The Best Gothic Literature

[Mercedes Brazier | Sports Sub Editor]

The Gothic Genre was introduced at the end of the Romanticism era, hence why most novels contain aspects of both, and the novel to be first termed ‘Gothic’ was The Castle of Ontario which was released in 1764 and would inspire a new genre that would become very popular in the coming century. It is the story of Manfred, lord of the castle, and his family. Manfred’s son dies on his wedding day, and fearing the end of his line, he attempts to marry his son’s fiancé while divorcing his wife, who was unable to bear him a suitable heir. The story continues with the fiancée, Princess Isabella’s, attempting to escape from his clutches with the aid of a peasant named Theodore. There are some knights, battles, discussion and death leading to the true King of Ontario being crowned. It may sound like your typical run of the mill twisted Disney story, but it is far from it. It has a lot of dark symbolism and if you appreciate literature you will understand why it sparked such debate and interest in the coming years.

Dracula is the vampire of all vampires, the big boss, the don! And one of my favourite examples of Gothic Literature. It was written by Bram Stoker in the late 1800s, and has been the basis for all vampire stories and tales over the last two centuries. There have been many adaptations of the book in the form of films, plays and other productions. The novel is set in England and Transylvania where an English Solicitor visits Count Dracula to provide legal support for a real estate transaction. Harker, the lawyer, soon realises that he is Draculas prisoner and is left in the mansion while the Count travels to England to pursue Harker’s fiancé.  It’s a thrilling read that forces you to read it as fast as you can. However if you have too much to read with University then the 1992 film is a good watch! There is also a new Dracula film out in the cinemas now so have a watch and let me know what you think!

The Bloody Chamber and Other Stories by Angela Carter has all the elements of gothic novels, mainly inspired by other stories, but with a darker modern twist that would have caused uproar in the 1800s. There are 10 short stories in the book, with the title story being the longest story. The Bloody Chamber is inspired by the French Fable Author Charles Perrault and his story of Bluebeard, a wealthy Aristocrat who has been married several times but no one knows what has become of his wives, and therefore is avoided by all local women. The story of Bluebeard and the Marquis, of the Blood Chamber, are fairly similar with the same plot of the main character remarrying and giving the ‘keys of the castle’ to their new brides while they are away for a while. The classic story of curiosity killing the cat plays a huge role in the demise of the wives when they are told to not enter a particular part of the Castle. Angela Carter’s novel also contains: The Courtship of Mr. Lyon, The Tiger’s Bride, Puss-in-Boots, The Erl-King, The Snow Child, The Lady of the House of Love, The Werewolf, The Company of Wolves, and Wolf Alice. The Snow Child is somewhat disturbing once you master the symbolism and language used in this story, but is incredibly powerful and deserves the position it has in the middle of the book.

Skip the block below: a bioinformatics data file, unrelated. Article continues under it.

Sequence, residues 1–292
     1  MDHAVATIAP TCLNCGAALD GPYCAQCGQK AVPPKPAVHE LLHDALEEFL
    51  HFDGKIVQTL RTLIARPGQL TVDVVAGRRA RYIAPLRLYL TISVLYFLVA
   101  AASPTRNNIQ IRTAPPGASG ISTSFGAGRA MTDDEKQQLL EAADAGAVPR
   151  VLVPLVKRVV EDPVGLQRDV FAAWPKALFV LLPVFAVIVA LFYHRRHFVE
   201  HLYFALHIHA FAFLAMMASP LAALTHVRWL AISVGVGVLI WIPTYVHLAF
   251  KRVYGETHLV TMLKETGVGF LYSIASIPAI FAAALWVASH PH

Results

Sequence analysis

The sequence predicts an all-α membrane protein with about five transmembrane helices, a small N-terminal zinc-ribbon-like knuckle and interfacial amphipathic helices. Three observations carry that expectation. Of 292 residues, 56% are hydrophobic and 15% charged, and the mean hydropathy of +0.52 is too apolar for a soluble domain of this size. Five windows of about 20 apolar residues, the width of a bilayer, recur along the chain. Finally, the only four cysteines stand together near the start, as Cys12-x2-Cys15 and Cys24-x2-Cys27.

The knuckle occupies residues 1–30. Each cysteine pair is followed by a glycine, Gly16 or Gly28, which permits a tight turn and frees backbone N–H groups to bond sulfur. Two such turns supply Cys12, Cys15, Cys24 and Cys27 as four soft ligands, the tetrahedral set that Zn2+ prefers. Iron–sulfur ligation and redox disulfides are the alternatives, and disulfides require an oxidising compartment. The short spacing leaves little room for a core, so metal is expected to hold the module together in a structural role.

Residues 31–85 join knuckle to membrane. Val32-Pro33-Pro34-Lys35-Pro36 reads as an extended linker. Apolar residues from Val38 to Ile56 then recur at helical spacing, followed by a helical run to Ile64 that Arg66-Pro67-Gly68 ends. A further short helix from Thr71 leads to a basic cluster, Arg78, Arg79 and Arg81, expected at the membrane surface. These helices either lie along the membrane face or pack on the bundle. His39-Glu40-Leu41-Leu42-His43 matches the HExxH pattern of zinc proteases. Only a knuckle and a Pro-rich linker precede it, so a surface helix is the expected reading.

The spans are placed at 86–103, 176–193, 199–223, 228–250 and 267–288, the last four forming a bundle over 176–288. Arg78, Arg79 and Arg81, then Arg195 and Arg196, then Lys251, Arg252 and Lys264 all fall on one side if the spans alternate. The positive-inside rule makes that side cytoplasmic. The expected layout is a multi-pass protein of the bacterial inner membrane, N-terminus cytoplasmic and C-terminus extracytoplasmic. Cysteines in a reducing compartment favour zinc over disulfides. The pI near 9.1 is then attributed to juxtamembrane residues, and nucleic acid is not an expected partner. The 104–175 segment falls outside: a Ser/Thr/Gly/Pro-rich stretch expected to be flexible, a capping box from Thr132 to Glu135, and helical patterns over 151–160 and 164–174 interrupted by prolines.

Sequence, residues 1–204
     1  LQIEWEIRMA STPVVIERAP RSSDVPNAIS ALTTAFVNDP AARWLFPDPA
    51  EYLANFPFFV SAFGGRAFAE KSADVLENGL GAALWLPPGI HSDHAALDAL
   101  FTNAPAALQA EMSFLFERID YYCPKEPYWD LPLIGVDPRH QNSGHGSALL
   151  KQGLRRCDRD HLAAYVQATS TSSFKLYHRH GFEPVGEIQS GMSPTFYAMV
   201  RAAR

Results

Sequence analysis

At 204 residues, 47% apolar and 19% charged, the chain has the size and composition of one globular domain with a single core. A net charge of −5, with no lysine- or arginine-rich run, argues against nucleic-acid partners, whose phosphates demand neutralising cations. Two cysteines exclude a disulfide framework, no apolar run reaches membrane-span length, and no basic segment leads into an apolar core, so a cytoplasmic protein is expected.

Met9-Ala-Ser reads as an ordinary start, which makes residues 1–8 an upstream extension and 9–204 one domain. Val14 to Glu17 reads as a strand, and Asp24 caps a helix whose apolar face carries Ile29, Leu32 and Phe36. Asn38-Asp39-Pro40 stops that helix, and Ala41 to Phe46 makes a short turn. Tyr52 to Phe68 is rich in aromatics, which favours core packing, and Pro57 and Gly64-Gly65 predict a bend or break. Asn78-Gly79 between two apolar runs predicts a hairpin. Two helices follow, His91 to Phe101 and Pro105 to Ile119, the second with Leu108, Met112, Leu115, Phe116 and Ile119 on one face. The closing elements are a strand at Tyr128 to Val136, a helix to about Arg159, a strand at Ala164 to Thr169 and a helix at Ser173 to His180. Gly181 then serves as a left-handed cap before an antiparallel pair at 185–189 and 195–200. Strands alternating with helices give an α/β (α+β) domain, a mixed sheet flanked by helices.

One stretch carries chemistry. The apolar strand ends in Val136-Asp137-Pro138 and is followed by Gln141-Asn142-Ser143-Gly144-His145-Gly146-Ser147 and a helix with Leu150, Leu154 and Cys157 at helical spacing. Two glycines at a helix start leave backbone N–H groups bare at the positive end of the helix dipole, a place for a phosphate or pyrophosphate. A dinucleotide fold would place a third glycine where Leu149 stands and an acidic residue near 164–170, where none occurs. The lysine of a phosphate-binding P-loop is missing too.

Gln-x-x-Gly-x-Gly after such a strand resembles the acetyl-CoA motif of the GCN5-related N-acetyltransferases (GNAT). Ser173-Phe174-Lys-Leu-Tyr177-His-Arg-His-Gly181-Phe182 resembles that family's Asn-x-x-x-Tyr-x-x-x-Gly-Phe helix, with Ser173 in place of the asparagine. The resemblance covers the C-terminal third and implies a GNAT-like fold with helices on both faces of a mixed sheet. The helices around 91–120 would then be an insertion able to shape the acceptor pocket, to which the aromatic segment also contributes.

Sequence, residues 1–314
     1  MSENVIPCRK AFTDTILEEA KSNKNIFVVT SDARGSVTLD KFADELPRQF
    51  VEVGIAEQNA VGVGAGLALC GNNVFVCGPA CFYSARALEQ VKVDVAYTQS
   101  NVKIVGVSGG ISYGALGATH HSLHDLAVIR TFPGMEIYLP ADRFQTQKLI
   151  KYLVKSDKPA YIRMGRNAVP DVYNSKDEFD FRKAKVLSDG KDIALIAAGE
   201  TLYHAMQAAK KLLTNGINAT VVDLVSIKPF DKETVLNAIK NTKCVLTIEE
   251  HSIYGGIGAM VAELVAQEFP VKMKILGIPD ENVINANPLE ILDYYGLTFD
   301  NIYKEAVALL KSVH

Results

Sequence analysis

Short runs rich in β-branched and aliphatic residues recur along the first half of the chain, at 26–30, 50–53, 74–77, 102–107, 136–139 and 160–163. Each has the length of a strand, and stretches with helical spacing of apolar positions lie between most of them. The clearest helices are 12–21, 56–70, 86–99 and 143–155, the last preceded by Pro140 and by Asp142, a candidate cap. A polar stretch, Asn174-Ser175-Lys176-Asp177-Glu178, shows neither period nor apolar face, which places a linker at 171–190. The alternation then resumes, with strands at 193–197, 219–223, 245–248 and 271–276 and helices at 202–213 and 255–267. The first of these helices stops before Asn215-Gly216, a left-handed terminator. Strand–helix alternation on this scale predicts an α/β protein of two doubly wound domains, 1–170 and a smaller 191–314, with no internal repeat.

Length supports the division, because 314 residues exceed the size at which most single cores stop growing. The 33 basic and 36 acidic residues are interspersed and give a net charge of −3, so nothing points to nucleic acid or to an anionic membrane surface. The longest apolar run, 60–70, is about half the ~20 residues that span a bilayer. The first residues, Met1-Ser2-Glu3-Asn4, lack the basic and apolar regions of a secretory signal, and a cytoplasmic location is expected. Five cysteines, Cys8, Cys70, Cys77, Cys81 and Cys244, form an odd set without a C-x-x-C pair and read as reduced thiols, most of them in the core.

Frankenstein was written by the 18 year old Mary Shelley in 1818, and published anonymously to begin with due to the prejudice against women writers.  Many people believe that the monster created by the Doctor is called Frankenstein, however it is the Doctor whose last name is Frankenstein and his creation is known as Frankenstein’s Monster. It may seem confusing but read that over slowly a few times and it will make more sense, in my A Level classes it took a few hours for me to stop calling the monster Frankenstein, my teacher was exasperated! This novel is written in form of letters and from the perspective of the Monster and the Doctor. The Doctor has an unnatural obsession and takes to cemetery’s and digs up pieces of the dead, in order to create his own human being, after working with a chemistry professor who inflames his ambitions. The story is that of the Doctor and Monster after his creation, and the journeys they travelled separately and together. When reading this novel, if you are an emotional person or someone that has been made to feel secluded you will relate with the Monster, whereas if you feel you are misunderstood or unappreciated then you will relate with the Doctor.

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The Best Gothic Literature